Section 5(2) of the Indian Telegraph Act, 1885 and Section 69 of the Information Technology Act, 2000 govern lawful interception and surveillance activities of electronic conversations by the government of India. The author argues that the inherent arbitrariness and vagueness present in these provisions are violative of the proportionality standard of Article 21, which ensue into an infringement of the Right to Privacy of the citizens. It is further argued that the knowledge of surveillance results in self-censorship, leading to a violation of the Right to Freedom of Speech and Expression. The absence of judicial review in these provisions lead to an unconstitutional control of executive over the lives of citizens, causing a curtailment of natural justice. The author points out the imperativeness of expounding upon the illegitimate terms used in the interception laws in order to strengthen liberty in the digital space.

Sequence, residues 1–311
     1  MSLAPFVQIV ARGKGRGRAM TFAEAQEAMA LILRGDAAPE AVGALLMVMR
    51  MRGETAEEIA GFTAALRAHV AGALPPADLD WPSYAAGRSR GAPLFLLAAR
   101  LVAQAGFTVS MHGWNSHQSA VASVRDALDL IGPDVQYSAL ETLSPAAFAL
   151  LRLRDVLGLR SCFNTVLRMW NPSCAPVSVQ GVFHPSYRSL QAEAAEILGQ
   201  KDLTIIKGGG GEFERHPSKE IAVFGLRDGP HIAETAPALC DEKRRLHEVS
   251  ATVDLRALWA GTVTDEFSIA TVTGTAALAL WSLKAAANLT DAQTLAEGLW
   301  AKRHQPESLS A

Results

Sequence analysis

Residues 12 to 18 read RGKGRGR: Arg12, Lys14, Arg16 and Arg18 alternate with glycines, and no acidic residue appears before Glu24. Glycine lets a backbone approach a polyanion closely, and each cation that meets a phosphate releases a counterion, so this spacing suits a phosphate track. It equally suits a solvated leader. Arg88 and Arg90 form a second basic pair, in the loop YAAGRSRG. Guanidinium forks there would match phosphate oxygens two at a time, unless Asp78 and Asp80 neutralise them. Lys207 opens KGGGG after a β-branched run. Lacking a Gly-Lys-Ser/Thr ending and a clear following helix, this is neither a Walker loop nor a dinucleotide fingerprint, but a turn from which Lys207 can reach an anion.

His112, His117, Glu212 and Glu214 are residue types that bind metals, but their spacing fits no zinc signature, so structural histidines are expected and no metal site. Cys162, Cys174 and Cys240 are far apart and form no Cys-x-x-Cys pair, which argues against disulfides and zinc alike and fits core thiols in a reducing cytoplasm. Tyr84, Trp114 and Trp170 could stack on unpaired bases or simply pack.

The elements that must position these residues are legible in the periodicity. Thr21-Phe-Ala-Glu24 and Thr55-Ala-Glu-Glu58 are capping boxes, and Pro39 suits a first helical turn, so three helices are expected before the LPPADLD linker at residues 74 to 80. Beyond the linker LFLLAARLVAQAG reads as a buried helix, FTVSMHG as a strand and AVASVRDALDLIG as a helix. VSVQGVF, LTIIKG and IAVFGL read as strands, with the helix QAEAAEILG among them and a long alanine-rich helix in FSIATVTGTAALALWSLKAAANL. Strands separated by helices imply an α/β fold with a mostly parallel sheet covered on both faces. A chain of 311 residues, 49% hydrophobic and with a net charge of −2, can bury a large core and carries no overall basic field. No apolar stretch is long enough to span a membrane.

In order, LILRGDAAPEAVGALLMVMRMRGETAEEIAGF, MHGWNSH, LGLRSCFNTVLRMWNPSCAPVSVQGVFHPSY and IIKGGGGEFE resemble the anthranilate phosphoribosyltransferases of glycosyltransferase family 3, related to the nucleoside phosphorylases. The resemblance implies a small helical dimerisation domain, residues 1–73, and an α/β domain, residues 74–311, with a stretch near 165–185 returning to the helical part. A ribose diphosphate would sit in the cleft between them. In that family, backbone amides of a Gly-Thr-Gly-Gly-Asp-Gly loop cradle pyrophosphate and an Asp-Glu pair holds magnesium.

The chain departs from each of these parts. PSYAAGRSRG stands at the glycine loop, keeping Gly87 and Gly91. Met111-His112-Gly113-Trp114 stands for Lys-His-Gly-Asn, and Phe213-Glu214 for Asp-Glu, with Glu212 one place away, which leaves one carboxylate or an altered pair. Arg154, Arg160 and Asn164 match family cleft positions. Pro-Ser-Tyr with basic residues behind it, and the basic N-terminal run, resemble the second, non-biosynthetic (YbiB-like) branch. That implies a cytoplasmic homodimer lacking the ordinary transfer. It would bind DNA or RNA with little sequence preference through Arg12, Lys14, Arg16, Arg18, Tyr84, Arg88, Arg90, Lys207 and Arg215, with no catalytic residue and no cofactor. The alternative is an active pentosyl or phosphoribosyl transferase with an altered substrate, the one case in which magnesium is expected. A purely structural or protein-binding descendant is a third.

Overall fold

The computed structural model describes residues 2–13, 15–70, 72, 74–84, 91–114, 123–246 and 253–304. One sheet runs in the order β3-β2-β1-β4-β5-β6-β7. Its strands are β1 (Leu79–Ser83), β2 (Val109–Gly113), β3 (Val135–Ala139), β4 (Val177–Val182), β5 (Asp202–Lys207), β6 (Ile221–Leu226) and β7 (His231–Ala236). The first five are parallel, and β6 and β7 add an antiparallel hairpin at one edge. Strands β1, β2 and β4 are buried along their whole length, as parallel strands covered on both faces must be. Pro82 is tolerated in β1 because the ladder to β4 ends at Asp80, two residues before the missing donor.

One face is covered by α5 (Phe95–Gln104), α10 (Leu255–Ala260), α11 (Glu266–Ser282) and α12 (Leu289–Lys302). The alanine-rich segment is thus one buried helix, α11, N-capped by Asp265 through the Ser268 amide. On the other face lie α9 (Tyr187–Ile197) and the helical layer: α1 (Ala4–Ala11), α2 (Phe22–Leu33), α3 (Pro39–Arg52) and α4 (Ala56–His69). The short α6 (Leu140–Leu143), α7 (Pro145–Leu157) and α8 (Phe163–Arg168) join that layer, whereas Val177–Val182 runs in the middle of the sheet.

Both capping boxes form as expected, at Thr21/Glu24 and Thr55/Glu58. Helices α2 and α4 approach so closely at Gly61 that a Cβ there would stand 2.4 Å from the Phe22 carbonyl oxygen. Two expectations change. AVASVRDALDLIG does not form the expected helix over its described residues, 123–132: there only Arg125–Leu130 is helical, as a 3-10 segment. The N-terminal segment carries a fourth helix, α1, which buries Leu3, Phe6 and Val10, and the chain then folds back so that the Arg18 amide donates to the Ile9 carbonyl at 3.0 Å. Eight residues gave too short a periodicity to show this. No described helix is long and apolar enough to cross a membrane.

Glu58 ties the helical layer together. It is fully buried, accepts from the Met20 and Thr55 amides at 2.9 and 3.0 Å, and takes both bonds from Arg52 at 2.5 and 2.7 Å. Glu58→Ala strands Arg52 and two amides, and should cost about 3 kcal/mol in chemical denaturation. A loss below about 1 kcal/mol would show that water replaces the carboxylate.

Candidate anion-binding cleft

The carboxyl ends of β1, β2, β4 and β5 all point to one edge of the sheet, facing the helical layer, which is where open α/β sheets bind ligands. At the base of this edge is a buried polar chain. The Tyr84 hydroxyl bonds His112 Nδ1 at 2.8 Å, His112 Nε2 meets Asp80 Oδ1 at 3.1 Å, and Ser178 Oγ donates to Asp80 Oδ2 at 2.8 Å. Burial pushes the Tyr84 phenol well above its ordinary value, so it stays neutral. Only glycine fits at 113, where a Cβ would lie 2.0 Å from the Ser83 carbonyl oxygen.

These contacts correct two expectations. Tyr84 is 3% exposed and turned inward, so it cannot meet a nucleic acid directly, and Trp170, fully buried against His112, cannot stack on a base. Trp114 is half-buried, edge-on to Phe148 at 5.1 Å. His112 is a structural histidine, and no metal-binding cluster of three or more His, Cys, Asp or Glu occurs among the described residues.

The Supreme Court started functioning on 26th January, 1950 with 8 Judges. The drafters hoped that manning the Supreme Court with 8 Judges would effectively handle the flow of judges. Cases filed in S.C have increased exponentially since 1950. Major contributor is Special Leave Petitions (SLPs) under Article 136 of the Constitution. 67 % of cases filed in the S.C are SLPs. S.C also remains inaccessible because the seat of the S.C is in Delhi. Voices are rising from several quarters to establish the National Court of Appeal. S.C was never intended to be a regular Court of Appeal, a troubling aberration given its original purpose to adjudicate important questions of law. The casualty is palpably right to speedy justice in light of humongous pendency. Access to justice is also hampered largely by the fact that the seat of S.C is in Delhi. The Constitutional provisions buttresses the proposition that a cassation bench can be created within the confines of the Constitution.